By Oregon House Republican Caucus,
Democrats move forward with legislation opening door to convicted criminals in schools
HB 2942 would allow individuals convicted of drug dealing, sex crimes to work and volunteer in K-12 settings
Salem, Ore. – Oregon Democrats in the House Committee on Judiciary voted to move forward with a bill that would open the door to convicted criminals working and volunteering in K-12 educational settings.
HB 2942 would create a pathway for individuals charged and convicted of crimes such as manufacturing and/or delivering hard drugs like cocaine, heroin and meth or prostitution—including crimes targeting children within 1,000 feet of a school—to be eligible to work in school settings.
“It’s completely unacceptable that the Salem supermajority is intentionally putting felons inside the classroom and on the playground with our kids, even when their crimes included making and selling hard drugs next door to a school,” said House Republican Leader Christine Drazan (R-Canby.) “Keeping our children safe means keeping convicted criminals out of our classrooms.”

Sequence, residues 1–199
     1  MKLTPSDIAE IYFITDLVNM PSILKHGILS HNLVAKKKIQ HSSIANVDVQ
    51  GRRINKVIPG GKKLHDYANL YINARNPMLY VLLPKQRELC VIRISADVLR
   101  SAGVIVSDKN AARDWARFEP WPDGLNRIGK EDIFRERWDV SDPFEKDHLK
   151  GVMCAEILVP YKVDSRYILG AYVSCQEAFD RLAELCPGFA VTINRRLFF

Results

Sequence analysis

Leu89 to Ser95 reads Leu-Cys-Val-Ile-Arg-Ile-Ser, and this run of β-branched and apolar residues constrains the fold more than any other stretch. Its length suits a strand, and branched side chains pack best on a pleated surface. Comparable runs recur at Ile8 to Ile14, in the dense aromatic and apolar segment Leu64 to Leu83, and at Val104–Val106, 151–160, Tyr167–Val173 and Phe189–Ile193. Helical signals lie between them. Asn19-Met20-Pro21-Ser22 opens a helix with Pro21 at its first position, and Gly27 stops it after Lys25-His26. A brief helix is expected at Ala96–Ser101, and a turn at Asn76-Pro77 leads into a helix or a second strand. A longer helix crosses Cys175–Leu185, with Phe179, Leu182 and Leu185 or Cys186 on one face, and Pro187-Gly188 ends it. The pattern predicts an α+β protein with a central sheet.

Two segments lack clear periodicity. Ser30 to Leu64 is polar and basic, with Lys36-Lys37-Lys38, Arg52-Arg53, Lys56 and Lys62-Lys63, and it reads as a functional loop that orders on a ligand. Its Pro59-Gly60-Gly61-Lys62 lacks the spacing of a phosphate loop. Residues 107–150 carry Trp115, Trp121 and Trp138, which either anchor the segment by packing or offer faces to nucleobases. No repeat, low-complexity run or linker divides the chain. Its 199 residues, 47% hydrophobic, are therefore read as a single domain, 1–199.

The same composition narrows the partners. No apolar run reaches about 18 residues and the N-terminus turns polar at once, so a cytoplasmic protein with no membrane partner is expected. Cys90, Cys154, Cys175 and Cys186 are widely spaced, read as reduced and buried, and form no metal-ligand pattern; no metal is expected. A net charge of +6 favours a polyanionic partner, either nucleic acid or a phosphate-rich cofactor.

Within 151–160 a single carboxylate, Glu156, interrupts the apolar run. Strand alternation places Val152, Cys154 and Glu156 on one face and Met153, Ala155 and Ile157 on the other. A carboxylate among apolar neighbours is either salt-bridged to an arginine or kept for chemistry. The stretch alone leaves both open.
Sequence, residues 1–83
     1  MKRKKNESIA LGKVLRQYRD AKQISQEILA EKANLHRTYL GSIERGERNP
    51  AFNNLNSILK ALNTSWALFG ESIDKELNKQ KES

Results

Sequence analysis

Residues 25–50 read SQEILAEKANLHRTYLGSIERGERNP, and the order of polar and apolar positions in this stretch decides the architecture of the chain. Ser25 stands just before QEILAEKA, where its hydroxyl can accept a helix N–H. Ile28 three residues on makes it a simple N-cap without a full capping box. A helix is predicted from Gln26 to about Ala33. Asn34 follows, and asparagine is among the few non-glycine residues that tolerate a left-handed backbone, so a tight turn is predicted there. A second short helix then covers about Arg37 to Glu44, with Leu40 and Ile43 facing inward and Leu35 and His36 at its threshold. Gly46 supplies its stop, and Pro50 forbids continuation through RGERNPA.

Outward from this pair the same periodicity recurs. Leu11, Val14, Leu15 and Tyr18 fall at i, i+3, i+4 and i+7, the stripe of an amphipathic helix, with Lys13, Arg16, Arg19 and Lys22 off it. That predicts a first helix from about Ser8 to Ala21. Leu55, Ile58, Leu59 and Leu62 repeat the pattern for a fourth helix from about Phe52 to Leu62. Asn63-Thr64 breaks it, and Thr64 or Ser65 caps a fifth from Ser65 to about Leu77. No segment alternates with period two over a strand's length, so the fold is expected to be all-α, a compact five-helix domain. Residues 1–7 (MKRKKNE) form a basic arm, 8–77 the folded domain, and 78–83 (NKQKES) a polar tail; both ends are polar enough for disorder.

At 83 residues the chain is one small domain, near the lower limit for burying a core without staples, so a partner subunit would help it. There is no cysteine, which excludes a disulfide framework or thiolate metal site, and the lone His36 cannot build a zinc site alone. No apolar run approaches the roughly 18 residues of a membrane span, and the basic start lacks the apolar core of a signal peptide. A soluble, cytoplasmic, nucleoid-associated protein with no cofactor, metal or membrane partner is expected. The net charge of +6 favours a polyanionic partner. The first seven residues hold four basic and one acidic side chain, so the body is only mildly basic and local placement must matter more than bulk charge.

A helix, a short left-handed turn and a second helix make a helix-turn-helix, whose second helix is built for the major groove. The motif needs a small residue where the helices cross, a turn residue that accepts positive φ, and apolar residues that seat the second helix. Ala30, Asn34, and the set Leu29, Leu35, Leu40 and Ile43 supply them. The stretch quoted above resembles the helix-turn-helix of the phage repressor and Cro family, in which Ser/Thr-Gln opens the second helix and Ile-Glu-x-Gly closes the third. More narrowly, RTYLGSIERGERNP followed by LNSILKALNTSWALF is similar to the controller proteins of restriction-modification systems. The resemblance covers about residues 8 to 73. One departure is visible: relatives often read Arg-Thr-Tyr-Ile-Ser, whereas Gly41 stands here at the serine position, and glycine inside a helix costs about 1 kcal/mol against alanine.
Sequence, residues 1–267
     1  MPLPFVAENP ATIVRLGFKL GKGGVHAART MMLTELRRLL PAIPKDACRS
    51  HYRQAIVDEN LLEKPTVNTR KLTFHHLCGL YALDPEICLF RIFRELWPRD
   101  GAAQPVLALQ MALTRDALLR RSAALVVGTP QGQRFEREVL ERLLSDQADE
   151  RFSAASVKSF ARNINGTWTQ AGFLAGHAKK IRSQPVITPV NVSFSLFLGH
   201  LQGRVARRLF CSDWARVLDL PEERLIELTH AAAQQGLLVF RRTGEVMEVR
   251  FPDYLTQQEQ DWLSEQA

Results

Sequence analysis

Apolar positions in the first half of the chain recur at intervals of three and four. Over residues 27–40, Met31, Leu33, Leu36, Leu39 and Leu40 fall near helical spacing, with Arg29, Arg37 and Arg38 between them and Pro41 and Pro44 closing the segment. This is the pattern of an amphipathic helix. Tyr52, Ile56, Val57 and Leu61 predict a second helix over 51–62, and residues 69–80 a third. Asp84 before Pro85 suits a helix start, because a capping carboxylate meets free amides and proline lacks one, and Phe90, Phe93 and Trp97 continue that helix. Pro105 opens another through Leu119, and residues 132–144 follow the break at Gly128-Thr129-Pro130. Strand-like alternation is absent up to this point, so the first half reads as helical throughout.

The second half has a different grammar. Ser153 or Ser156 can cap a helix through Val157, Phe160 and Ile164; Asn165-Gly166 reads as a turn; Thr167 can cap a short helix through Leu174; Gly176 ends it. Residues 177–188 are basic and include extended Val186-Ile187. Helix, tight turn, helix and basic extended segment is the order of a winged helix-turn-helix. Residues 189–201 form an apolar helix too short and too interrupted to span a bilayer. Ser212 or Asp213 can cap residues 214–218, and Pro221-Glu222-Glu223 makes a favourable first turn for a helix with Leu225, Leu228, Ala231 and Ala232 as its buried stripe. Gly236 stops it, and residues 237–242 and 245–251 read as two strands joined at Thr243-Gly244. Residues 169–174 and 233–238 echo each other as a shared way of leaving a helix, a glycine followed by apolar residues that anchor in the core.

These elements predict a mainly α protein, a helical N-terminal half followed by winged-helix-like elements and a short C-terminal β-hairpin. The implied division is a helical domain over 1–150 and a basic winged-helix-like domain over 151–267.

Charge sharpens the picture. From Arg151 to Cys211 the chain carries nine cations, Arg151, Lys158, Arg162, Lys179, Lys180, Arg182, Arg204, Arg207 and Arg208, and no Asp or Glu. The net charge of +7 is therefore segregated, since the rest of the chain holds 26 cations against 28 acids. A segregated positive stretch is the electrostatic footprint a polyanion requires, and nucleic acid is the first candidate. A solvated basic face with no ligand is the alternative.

HB 2942 would let the Teacher Standards and Practices Commission, the state agency in charge of licensing teachers, allow individuals convicted of certain crimes to work in a classroom setting. If HB 2942 passes, Oregon’s youngest students could be in the care of role models who will guide their social and emotional development and stand at the head of a classroom with convictions that include:
● Unlawful manufacturing within 1,000 feet of a school of: hydrocodone, methadone, oxycodone, heroin, methylenedioxymethamphetamine, cocaine, methamphetamine, and other controlled substances.
● Unlawful delivery within 1,000 feet of a school of: hydrocodone, methadone, oxycodone, heroin, methylenedioxymethamphetamine, cocaine, methamphetamine, and other controlled substances.
● Unlawful delivery of hydrocodone, methadone, oxycodone, cocaine and methamphetamine.
HB 2942 is sponsored by a trio of House Democrats and a Democratic State Senator.